Open Access and the academic gift economy

No, I’m not arguing that everything should be free. Just academic articles. And I mean really free, in most senses of the word.

Last week, the University of Oslo organised a conference about publishing, with a special focus on Open Access and the Creative Commons. Like many institutions, UiO has an explicit policy in favour of open access publishing, and new employees have to sign a contract where they vow to make their publications freely available, if at all possible.

The ‘if at all possible’ caveat is an interesting one, and I’ll return to it very soon.

Open access comes in three main flavours – gold, green and hybrid. Gold means freely available to everybody. Green means that the author has placed the original manuscript, but not the pdf of the publicatoin, in an open archive – at UiO, it is called Duo. Hybrid means that the author pays a non-open access journal to make their publication freely available.

However, if you look closely, it soon becomes apparent that ‘gold’ is less golden than it may appear at first glance. According to the librarians, who should know, 60 per cent of the open access journals are completely free. They are produced either for free by enthusiasts or idealists, or have institutional support enabling them to cover costs. The remaining 40 per cent are commercial ventures, where the authors pay, sometimes significant sums, to get published.

In other words, in spite of the apparent open access revolution, the large academic publishers still laugh all the way to the bank. During the conference, the paleontologist Jørn Hurum pointed out that academic publishing now has a larger turnover than the music industry, and with this funding model, that may well continue indefinitely. Libraries no longer have to pay indecent sums for journal subscriptions under the OA model, but instead, academics have to pay indecent sums to get published.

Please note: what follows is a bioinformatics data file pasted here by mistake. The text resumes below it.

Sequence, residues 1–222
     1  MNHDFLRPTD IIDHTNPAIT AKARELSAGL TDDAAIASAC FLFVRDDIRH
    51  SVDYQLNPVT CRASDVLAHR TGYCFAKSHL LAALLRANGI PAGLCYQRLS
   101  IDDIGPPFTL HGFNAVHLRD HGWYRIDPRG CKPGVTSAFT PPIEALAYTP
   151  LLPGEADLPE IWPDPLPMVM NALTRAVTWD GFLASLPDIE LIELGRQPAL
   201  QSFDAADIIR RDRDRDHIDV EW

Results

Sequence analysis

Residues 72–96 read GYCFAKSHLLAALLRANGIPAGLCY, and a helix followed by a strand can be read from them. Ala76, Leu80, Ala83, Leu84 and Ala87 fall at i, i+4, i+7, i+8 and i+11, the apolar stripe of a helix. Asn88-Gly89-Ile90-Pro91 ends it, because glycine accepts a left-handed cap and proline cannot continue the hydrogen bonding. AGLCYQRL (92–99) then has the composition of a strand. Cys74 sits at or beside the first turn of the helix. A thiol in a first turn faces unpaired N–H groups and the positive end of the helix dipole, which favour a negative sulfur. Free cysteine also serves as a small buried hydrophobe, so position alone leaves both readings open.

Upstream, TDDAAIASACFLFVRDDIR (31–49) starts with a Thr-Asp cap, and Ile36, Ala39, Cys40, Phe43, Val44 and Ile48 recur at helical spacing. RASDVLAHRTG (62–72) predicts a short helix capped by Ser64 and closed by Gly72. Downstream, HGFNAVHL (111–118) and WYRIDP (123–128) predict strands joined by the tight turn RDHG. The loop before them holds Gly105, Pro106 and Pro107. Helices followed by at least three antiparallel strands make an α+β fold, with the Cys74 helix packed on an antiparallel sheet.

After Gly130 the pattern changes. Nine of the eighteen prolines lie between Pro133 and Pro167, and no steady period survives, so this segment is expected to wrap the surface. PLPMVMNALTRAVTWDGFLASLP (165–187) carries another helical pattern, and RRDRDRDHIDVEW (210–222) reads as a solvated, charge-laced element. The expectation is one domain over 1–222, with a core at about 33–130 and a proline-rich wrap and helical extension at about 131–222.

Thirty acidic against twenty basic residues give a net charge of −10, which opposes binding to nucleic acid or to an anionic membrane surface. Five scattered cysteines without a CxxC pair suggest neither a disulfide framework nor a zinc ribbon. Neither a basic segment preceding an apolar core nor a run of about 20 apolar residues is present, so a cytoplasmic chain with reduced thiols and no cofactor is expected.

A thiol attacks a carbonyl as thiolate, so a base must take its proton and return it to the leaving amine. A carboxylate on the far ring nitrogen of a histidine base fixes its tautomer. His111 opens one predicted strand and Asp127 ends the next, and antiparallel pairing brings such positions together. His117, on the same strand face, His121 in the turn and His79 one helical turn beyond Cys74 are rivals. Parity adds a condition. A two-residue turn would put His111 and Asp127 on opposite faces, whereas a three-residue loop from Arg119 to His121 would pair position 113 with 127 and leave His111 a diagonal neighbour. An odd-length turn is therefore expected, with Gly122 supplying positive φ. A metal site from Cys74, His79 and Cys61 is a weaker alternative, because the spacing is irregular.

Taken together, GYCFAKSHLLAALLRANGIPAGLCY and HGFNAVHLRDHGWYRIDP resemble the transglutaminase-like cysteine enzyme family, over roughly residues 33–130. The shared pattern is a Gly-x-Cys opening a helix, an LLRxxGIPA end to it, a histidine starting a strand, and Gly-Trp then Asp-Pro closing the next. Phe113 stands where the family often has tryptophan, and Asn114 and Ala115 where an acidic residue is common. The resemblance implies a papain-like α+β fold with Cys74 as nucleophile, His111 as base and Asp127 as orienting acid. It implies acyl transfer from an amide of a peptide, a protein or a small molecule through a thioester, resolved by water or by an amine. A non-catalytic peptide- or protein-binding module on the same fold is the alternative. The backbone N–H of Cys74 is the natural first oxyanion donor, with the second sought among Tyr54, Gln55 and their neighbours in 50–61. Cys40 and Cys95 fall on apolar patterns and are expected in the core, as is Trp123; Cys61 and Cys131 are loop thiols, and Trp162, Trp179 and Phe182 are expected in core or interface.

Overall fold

The question that really needs to be raised is, do we need the publishing houses?

The answer is complicated. Notably, a distinction needs to be made between academic publishing and general, or trade publishing. We academics do not write for the money, since we usually write on a salary, temporary or permanent, and the aim for every academic who writes is to be read, preferably by as many as possible. Naturally, the situation is qualitatively different for the novelist or the essayist. Also, publishers often carry out a gargantuan job in making a book come about. The term ‘ghostwriter’ is a relative one and can often, with some justification, be applied to a good editor.

I’m not talking about academic books either. I rather like my books to be bound in cloth or paper, I’m happy to pay a reasonable price for them, and don’t see why the publishers should not be able to make a living producing them.

With academic articles, the situation is different. As our Rector, Ole Petter Ottersen, pointed out at the conference, academics work relentlessly and without payment for the big publishing companies, as editors, members of editorial boards and, not least, as peer reviewers. (He has also written about this in his Norwegian-language blog.) In fact, we do virtually the whole job as contributors to the academic gift economy. So why do our journals need publishing companies?

In a recent past, the publishers took care of marketing, layout, printing, subscriptions and distribution. However, now that journals are mostly electronic, neither subscriptions, printers nor much by way of paid marketing is necessary. The layout of a standard academic journal is also relatively basic. On this basis, the question needs to be asked again – why do we continue to take the detour via the publishing companies, when P2P – peer to peer – publishing would have been a simpler solution?

The answer remains complicated. In the last few years, I’ve sometimes asked younger colleagues whether they’d be keen to publish their work in an open access journal. The answer is nearly always no, and the reason is simple. It is true that academics are usually not paid money to publish their work, but they are paid in symbolic capital and prestige which may later be converted into a tenured position. Thus, Ph D candidates and postdocs cannot afford to publish their work in OA formats. They are entitled to worry about their future.